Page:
Mixing Live Sound

Lesson 2 of 17

Power and Electricity

 

Mixing Live Sound

Lesson 2 of 17

Power and Electricity

 

Lesson Info

Power and Electricity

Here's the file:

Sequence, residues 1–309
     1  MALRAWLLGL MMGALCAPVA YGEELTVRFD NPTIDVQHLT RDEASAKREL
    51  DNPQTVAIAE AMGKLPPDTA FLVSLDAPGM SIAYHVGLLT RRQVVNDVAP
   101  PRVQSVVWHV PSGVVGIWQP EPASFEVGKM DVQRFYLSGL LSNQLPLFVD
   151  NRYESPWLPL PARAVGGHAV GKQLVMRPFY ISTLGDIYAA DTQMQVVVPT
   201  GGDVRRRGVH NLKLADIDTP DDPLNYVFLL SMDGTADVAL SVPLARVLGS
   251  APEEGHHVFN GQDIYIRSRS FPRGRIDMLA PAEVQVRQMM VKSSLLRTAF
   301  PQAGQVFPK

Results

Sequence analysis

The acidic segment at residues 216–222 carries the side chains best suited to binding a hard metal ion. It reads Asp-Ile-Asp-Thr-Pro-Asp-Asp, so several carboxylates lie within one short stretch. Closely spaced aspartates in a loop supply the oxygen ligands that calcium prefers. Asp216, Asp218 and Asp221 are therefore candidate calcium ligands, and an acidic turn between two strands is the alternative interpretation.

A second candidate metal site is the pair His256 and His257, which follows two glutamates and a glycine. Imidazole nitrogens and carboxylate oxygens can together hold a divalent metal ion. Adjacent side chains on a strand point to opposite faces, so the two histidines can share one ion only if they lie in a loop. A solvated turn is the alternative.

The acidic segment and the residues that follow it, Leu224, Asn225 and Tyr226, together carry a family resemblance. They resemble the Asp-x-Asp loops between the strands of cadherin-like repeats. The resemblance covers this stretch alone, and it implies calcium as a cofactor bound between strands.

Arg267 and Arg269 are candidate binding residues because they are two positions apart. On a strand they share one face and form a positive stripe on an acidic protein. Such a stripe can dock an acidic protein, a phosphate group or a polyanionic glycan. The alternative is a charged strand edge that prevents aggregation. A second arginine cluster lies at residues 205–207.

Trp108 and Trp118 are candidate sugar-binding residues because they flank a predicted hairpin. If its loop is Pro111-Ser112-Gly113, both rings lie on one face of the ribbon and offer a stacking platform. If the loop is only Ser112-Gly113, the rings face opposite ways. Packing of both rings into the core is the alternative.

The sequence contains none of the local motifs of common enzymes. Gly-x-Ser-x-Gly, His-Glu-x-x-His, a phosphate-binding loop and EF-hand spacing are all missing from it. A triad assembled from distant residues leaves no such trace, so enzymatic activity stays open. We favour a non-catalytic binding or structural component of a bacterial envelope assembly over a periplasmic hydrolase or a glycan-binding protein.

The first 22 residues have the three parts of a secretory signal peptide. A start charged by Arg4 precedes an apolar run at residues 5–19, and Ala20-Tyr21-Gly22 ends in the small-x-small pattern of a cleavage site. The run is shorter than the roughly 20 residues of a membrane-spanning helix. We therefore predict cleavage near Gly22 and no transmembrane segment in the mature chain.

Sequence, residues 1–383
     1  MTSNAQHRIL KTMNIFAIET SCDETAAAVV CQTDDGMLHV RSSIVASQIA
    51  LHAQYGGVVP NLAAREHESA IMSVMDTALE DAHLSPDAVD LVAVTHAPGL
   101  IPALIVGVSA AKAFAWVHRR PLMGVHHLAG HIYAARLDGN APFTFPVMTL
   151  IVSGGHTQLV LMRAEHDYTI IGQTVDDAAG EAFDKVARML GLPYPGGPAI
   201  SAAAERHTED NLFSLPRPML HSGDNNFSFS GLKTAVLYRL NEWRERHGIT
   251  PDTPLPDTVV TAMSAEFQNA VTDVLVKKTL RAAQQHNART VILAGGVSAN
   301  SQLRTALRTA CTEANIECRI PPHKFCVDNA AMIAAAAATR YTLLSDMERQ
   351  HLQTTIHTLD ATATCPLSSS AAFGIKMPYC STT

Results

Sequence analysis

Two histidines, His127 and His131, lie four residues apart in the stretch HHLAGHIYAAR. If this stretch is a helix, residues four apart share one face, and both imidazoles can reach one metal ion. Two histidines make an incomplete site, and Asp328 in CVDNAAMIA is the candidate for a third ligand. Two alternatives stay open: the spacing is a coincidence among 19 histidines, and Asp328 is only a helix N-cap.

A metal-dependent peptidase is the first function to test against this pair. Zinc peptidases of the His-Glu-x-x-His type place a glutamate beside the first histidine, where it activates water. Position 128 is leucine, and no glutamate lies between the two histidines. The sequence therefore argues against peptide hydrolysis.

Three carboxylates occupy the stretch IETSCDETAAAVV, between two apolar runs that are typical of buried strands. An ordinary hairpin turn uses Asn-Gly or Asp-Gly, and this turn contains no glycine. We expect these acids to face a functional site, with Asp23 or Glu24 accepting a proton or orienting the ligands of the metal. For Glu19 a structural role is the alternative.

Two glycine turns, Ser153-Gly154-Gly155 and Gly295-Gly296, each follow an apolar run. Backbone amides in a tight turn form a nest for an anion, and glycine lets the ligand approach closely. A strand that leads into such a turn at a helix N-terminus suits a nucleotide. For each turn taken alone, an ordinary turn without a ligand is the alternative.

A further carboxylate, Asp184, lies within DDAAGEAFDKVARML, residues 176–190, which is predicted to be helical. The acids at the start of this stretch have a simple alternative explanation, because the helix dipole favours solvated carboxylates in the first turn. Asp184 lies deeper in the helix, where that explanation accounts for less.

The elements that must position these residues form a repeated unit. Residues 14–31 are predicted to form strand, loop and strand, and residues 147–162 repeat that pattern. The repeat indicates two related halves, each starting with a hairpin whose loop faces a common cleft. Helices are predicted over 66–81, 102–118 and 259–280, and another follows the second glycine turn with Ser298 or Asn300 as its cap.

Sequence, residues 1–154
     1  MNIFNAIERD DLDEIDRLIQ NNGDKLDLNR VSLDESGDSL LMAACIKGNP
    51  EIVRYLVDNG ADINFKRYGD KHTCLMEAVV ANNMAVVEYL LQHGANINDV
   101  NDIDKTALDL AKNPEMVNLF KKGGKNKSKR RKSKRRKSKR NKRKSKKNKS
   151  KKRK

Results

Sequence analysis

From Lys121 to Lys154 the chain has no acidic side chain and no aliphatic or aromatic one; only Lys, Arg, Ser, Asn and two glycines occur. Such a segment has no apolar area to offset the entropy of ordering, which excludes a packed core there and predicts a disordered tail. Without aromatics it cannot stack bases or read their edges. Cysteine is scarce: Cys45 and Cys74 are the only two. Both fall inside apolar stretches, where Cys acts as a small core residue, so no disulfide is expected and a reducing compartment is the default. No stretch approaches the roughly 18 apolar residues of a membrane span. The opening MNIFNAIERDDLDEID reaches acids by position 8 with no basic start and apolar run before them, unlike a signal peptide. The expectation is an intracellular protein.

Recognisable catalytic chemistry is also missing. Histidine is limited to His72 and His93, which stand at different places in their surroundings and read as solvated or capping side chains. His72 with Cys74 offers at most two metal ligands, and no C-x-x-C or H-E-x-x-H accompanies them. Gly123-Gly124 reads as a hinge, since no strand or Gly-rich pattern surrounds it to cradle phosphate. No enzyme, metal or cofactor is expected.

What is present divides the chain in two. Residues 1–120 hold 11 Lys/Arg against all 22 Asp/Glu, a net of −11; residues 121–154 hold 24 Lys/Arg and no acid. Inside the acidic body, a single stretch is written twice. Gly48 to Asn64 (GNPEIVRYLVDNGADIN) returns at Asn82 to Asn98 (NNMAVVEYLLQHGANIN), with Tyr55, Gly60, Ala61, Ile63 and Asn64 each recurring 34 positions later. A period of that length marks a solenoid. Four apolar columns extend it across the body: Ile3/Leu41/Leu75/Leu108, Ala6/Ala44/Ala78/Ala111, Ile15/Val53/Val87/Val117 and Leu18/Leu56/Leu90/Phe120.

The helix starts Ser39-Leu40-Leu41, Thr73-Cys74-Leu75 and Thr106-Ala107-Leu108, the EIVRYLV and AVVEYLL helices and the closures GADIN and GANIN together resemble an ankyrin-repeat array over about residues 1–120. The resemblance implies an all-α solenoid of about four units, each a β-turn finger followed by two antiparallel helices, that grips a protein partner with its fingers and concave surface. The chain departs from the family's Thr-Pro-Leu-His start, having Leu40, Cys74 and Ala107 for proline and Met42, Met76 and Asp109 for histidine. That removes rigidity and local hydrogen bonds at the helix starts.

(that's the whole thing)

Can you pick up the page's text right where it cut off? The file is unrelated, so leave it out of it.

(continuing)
And like I said before, here's a little disclaimer, this is going to be kind of geeky, it's going to be a little little intense from the math standpoint. It's really important to understand electricity before you get started, because power is what we do, everything we need to understand how power works. We're going to dive in and just really understand this is a very core concept, and then get into a little more detail as we go along. So the first thing is, what is electricity? Electricity is the type of energy when we talk about electricity coming from the wall there's sort of two different types of electrical current. There's, direct, current and alternating current direct current is basically a steady flow of electrons through a conductor, from one end to the from one end to the other. It's, basically a steady, consistent flow of electrons, alternating current, is a little bit different in that it's actually flowing back and forth in different directions. It's, flowing from positive...